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EPA to investigate state’s approval of North Brooklyn gas pipeline

October 25, 2021 Brooklyn Eagle Staff
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In the latest development in the saga of National Grid’s North Brooklyn Pipeline, which has been protested by neighborhood residents, environmentalists and some public officials for at least three years, the U.S. Environmental Protection Agency plans to investigate the state Department of Environmental Conservations’ actions in approving the pipeline, according to a letter released Monday.

The EPA’s action follows a federal civil rights complaint filed in August by Brownsville Green Justice, the Ocean Hill-Brownsville Coalition of Young Professionals, Mi Casa Resiste, and the Indigenous Kinship Collective alleging the pipeline discriminated against communities of color.

The pipeline, formally known as the Metropolitan Natural Gas Reliability Project, would run through East Williamsburg, Bushwick, Bed-Stuy and nearby areas. Phases 1 through 4 are already completed. Opponents say the pipeline could be unsafe; would carry fracked gas; and would pose a health risk to those neighborhoods it runs through. The Greenpoint portion of the project has been halted after a lawsuit.

Brownsville community members rallied last year against the construction of the North Brooklyn Pipeline. Photo: YFW Productions



The complaint filed in August alleges DEC was aware of National Grid’s violations during the construction of the pipeline, including failing to notify community members of the project and bypassing critical safety and health regulations. Despite these issues, the complaint said, DEC failed to conduct the appropriate environmental reviews and allowed the project to proceed.

In August, the state Public Service Commission slashed a pipeline-related rate hike that National Grid planned to charge customers, but this didn’t satisfy the opponents, who include Mayor Bill de Blasio, Borough President Eric Adams, Brooklyn Community Board 1, and U.S. Sen. Chuck Schumer. 

In the EPA’s letter, the federal regulatory agency said it would investigate why DEC failed to conduct an environmental review of the entire pipeline and only issued a “negative declaration” finding no adverse impact for a small subsection of the project. Furthermore, the EPA will examine whether DEC failed to properly engage and consult impacted communities in the review process. 

The EPA also said that it would refer investigation of National Grid and the Department of Public Service, which are also named in the complaint, for consideration to the U.S. Departments of Justice, Transportation and Energy. 

Work is seen taking place on the North Brooklyn Pipeline, shortly before the COVID-19 pandemic stalled construction. Photo: Erik McGregor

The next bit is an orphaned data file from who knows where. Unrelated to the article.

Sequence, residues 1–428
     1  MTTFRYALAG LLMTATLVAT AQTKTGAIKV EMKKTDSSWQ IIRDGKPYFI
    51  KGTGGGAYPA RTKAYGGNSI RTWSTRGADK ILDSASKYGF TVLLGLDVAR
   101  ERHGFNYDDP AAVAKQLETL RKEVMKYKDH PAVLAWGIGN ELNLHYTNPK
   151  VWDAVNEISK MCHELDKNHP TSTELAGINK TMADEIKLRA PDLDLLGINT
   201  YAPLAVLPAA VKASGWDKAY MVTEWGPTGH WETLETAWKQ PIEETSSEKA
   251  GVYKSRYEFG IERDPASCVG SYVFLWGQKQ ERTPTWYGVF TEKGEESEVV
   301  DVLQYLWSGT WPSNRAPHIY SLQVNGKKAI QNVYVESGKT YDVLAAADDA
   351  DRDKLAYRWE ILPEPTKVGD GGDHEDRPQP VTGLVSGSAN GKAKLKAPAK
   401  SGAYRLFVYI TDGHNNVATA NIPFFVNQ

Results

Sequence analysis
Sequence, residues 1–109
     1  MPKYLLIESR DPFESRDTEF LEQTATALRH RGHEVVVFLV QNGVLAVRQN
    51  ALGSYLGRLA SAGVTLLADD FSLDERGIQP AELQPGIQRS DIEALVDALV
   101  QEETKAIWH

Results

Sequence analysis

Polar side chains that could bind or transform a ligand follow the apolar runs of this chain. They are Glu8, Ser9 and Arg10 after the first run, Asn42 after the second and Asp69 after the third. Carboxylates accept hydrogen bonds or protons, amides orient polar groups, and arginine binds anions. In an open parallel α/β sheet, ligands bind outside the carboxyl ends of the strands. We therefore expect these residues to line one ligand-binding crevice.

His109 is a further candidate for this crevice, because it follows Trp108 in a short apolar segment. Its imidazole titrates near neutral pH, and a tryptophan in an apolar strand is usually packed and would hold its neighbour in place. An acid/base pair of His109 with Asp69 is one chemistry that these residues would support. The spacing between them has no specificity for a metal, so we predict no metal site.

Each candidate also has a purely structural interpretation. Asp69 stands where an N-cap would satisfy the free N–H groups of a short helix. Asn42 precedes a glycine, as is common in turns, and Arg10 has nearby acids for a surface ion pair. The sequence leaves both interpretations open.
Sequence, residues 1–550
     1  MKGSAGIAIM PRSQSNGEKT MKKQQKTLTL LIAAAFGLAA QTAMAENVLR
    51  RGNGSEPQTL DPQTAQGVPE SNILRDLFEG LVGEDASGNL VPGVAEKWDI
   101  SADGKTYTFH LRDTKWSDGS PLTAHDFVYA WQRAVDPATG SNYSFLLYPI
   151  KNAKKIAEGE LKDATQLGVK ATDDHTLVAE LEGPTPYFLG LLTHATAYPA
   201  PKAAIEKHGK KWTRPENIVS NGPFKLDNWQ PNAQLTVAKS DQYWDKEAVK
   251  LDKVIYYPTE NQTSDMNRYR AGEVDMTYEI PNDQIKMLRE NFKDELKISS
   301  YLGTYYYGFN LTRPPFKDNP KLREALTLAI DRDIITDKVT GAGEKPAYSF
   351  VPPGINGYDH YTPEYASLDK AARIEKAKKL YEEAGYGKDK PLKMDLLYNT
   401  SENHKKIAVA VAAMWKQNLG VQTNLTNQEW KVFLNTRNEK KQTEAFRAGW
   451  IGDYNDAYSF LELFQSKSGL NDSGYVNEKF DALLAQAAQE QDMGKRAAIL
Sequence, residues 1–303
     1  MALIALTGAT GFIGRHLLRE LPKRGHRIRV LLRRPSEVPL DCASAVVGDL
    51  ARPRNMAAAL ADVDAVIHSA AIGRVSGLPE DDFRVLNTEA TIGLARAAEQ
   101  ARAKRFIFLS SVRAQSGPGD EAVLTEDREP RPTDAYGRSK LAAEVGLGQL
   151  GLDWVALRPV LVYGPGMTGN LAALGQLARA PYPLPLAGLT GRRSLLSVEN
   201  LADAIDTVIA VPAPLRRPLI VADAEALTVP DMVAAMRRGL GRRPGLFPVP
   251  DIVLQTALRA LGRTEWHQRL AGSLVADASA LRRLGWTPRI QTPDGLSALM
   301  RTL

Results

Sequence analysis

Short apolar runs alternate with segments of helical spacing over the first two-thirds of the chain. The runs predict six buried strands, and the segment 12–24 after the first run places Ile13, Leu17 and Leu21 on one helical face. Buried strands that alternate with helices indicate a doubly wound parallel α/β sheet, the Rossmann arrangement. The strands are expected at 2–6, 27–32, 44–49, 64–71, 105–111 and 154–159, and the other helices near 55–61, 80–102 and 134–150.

The community groups who filed the federal complaint are represented by the Civil Rights and Disability Justice Clinic at New York Law School Legal Services, Inc., and the National Center for Law and Economic Justice. 

“We commend the EPA’s decision to investigate the Department of Environmental Conservation’s ruling to permit National Grid to expand their harmful fracked gas infrastructure in vulnerable communities, including Brownsville. This was done without the community’s knowledge and ignored the environmental consequences, health risks, and economic harms this posed for people to live in their communities,” said Brownsville Green Justice.

“DEC’s illegal segmentation and failure to review the environmental harms of the Pipeline and LNG facility together is in stark contrast to state law and the position it has taken in white communities, where it has required that an environmental review of pipelines and the gas and power plants they connect to as one project before they can go forward,” said Anjana Malhotra, senior attorney at the National Center for Law and Economic Justice. 

While statements in support of the pipeline are few online, Karen Young, media representative for National Grid, told Bklyner earlier this year in an email, “The project is important to natural gas customers in the local community who depend on gas service to heat their homes and run their businesses. The gas main design, engineering controls and safety features we have in place meet or exceed NYC construction standards.” She also said that the project doesn’t bring new gas into Brooklyn, but rather, makes sure that the system would run more safely and efficiently.

The August filing was submitted to the Environmental Protection Agency, the Department of Justice, Department of Transportation and Department of Energy alleging violations under Title VI of the Civil Rights Act of 1964, which bars entities that receive federal funding from engaging in racial discrimination. 


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